TROWBRIDGE MEWS

MIXED-USE & MULTI-RESIDENTIAL

LOCATION: Meaford, Ontario

ARCHITECT: LINEVISION Architects

DESIGN LEADERSHIP: Michael Poitras, Principal-in-Charge

CLIENT: 2 Build Development Corporation

STATISTICS:

  • No. of storeys (apartments): 8
  • No. of storeys (town homes): 3
  • Total floor area: 138,955 ft2 (12, 910 m2)
  • One bedroom units: 38 – 45 (varies depending on purchaser)
  • Two bedroom units: 8 – 15 (varies depending on purchaser)
  • Surface parking: 8 stalls (including 1 barrier-free)
  • Screened surface parking: 92 stalls (including 3 barrier-free)
  • Loading docks: 3
MATERIALS:

  • Poured-in-place concrete
  • Wiarton stone
  • Armour stone boulder walls
  • Wood windows & doors
  • Prefinished silver window wall
  • Prefinished black metal louvers
  • Wood screens
  • Outdoor landscaping
GENERAL PROGRAM:

  • Condominiums (with extra large terraces)
  • Restaurant (2020 ft2/187 m2 with exterior dining next to the waterfall)
  • Public street
  • Waterfall + outdoor public terrace
  • River walk
  • Performing arts stage
LEED: Gold
COST: Withheld
COMPLETION: Unbuilt

From time to time a building site can prove to be a mixed blessing: breathtakingly beautiful on one hand and potentially hazardous on the other. Bounded on two sides by the Bighead River (south and east), as it elbows past, flowing out towards the inner harbour and located next to Meaford’s downtown core, this property perfectly suits this multi-residential program. A deeper understanding of this riverside site reveals a flooding potential, especially when combined with big weather events at specific times of the year.

In responding to the dual nature of this site we have created a “platform” much like an oceanfront pier, only substantially wider. Positioned well above the 100-year flood line, condominiums are strategically placed above the hazardous zone so life can safely take place. Programs such as car parking, watertight loading docks and waterproof mechanical and electrical rooms are located below the “platform”. Further, car parking will be screened from view with naturally vented black metal louvers designed to break away during a flood. Further, as a flood starts and water begins to rise, cars would be re-located off-site, allowing water to flow unimpeded beneath the “platform”, so as not to create any additional effects to neighbouring buildings.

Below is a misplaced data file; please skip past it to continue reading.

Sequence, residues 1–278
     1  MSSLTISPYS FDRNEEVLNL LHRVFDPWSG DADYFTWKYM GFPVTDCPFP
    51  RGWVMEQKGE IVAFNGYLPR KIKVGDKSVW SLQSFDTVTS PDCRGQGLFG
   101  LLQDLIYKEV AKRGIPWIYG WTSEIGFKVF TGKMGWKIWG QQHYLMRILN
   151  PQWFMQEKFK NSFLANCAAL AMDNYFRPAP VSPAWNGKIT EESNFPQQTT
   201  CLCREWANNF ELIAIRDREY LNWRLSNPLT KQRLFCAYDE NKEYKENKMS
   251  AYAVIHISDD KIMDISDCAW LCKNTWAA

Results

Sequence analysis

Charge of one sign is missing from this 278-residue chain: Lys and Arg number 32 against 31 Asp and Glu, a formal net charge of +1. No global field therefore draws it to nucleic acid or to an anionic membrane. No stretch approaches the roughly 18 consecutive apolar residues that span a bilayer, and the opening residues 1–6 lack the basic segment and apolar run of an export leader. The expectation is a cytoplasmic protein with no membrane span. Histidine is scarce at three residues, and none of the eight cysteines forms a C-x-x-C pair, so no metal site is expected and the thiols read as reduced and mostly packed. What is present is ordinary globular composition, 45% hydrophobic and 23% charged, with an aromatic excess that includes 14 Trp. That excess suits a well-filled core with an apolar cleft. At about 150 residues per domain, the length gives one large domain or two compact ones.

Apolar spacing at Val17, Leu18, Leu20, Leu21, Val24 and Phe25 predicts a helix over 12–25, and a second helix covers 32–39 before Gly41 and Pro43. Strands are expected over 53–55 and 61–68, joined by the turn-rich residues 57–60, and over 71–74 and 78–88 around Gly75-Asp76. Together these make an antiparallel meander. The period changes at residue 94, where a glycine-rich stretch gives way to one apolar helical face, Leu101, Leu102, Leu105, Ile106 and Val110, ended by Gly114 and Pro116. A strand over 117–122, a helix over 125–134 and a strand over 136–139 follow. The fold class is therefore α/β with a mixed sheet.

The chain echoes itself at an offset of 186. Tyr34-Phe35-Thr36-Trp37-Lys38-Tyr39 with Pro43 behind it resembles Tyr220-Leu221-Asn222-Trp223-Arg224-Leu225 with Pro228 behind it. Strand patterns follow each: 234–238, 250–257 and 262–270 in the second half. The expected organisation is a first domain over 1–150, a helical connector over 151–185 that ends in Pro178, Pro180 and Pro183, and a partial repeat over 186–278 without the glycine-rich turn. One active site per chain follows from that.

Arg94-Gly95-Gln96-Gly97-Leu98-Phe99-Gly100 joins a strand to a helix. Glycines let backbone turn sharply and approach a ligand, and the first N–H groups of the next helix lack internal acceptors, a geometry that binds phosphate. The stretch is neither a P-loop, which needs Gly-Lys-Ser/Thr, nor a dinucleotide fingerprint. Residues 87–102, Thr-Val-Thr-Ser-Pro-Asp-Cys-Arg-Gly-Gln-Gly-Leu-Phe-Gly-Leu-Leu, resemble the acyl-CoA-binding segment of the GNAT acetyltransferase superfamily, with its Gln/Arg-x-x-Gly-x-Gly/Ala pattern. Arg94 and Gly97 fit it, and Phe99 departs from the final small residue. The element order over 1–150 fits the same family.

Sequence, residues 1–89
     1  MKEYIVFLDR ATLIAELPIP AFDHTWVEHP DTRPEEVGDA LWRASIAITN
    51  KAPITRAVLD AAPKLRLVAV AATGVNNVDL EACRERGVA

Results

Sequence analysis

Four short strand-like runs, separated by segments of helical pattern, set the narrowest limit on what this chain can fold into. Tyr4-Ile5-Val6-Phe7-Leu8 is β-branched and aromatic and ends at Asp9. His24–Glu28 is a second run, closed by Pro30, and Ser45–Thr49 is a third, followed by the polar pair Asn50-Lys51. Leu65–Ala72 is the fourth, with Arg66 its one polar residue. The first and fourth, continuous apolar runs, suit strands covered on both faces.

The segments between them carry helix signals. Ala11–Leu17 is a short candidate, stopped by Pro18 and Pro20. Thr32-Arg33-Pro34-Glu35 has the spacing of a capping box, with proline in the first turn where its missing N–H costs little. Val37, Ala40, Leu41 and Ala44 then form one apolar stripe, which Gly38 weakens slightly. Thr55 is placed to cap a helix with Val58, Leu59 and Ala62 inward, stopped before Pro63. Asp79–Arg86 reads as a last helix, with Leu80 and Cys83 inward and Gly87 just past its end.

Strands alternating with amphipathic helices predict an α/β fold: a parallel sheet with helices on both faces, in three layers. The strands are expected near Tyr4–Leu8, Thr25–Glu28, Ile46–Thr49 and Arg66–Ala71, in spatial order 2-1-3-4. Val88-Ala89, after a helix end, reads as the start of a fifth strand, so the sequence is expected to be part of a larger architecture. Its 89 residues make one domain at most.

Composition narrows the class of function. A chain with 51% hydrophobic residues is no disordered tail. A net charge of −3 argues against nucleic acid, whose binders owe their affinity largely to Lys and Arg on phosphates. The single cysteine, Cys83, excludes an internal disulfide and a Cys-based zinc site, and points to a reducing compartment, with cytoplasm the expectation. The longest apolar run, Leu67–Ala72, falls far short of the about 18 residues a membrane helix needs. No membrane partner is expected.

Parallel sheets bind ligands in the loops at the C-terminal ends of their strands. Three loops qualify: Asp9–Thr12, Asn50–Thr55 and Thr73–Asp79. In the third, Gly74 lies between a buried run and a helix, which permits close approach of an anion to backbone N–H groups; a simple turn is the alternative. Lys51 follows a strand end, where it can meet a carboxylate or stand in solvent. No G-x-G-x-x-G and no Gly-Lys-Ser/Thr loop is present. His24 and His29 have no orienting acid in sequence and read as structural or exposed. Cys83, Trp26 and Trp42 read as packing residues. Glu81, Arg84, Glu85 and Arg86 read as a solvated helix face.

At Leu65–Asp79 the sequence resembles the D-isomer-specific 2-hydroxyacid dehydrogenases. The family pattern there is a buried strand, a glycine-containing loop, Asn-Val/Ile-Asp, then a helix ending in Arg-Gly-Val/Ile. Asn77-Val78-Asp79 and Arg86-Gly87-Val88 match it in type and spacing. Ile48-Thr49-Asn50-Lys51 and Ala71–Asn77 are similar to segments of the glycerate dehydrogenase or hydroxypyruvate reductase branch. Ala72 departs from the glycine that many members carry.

To the platform’s topside, condominiums are arranged in a classic “U” formation. With three storey town homes forming the parallel sides of the “U”, Trowbridge Street to the north and the Bighead River to the south, are lined with building façades. In both cases, terraces and stacked balconies face out to the street and river, extending seasonal use and animating the adjacent public realm.

Between these rows of town homes an internalized pedestrian “street” has been developed, complete with landscaping, promoting social interaction between neighbours and providing all with a point of address (front doors). Completing the “U”shaped composition of buildings just west of the town homes is the taller apartment building. Rising from four storeys at Trowbridge Street to over eight storeys at the river, this building anchors the entire complex with its tall commanding presence.

Between the “street” and the apartment building “lobby” and surrounded by a shallow reflecting pool, is the car turnaround/drop-off, with access to both lobby and street. This watery element continues south to the platform’s edge, cascading 13 feet down in a dramatic man-made waterfall, adjacent to the Bighead River.

To the periphery of the project is a two-tiered riverside walk, complete with landscaping and numerous points of interest and public benches. Here, leisurely strolls are promoted to their fullest, allowing the young, the old and the physically challenged an opportunity to enjoy the Bighead River while mixing with fishing enthusiasts along the way. Accessible by day and night, this waterfront promenade extends from Sykes Street to the west, all the way northeast to the inner harbour.

Architecturally, this modern housing project can be understood as a series of repeated concrete “frames”, which not only provide rhythm and interest to the façades, but also define one’s property, much like fences do in a suburban neighbourhood. These frames, a nod to the ribs on a canoe’s hull, are a well suited metaphor for this riverside location. Overall, this project has merged with its site, developing a language of architecture that is inspired by the river, while complementing town planning and promoting social interaction at every turn, ultimately creating a picturesque waterfront promenade, all while addressing the difficult issues of flooding.